Aerospace Engineer Aprille Ericsson (STEM Trailblazer Bios)
by Laura Hamilton Waxman (Author)
Booktalk: Have you ever built a cool science project? In middle school, Aprille Ericsson won second place in a science fair. She knew she wanted to keep creating amazing science projects. As an adult, she became an engineer and works at NASA building spacecraft.
Ericsson was one of the few girls in her middle school who loved math and science. Years later, she became the first woman to receive a PhD in mechanical engineering from Howard University. At NASA, she’s helped build spacecraft that can map the moon, monitor climate change, or even bring soil and rocks back from Mars. Learn how Ericsson’s passion for science has helped her pave the way for future engineers.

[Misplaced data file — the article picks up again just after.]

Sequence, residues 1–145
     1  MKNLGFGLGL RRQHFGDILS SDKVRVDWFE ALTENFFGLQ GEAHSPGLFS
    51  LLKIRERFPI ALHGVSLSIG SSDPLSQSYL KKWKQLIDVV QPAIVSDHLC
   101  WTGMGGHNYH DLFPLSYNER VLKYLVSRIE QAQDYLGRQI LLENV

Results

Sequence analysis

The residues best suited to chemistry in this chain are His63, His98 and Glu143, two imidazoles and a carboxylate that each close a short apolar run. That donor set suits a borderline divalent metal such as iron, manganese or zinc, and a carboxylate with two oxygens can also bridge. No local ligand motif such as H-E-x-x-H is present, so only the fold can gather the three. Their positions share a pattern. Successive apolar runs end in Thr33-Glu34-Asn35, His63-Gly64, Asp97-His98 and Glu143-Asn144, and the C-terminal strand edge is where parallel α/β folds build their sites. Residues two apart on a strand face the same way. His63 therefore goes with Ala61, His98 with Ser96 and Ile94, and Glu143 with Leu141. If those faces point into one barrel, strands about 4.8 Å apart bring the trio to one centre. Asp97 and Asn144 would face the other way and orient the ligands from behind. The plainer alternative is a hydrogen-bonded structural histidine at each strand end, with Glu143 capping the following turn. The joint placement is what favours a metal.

Snippet: One of Ericsson’s most recent projects will help scientists study the Earth’s polar caps. Greenhouse gasses are warming the North and South poles. The warmer temperatures are causing the ice caps to melt slowly. Scientists will soon be able to find out more with the new Ice, Cloud, and Land Elevation Satellite (ICESat-2). Ericsson was one of the managers in charge of creating a large instrument for ICESat-2 called ATLAS (Advanced Topographic Laser Altimeter System). The device wil be attached to ICESat-2 and will use lasers to measure the size of the ice caps. ICESat-2 is scheduled to launch in 2016.
See how the lasers will measure the size of the ice caps for ICESat-2 at Goddard Space Flight Center’s ICESat-2 page Goddard Space Flight Center page.
— ICESat-2 (@NASA_ICESat2) July 23, 2015
See more photos at @NASA_ICESat2
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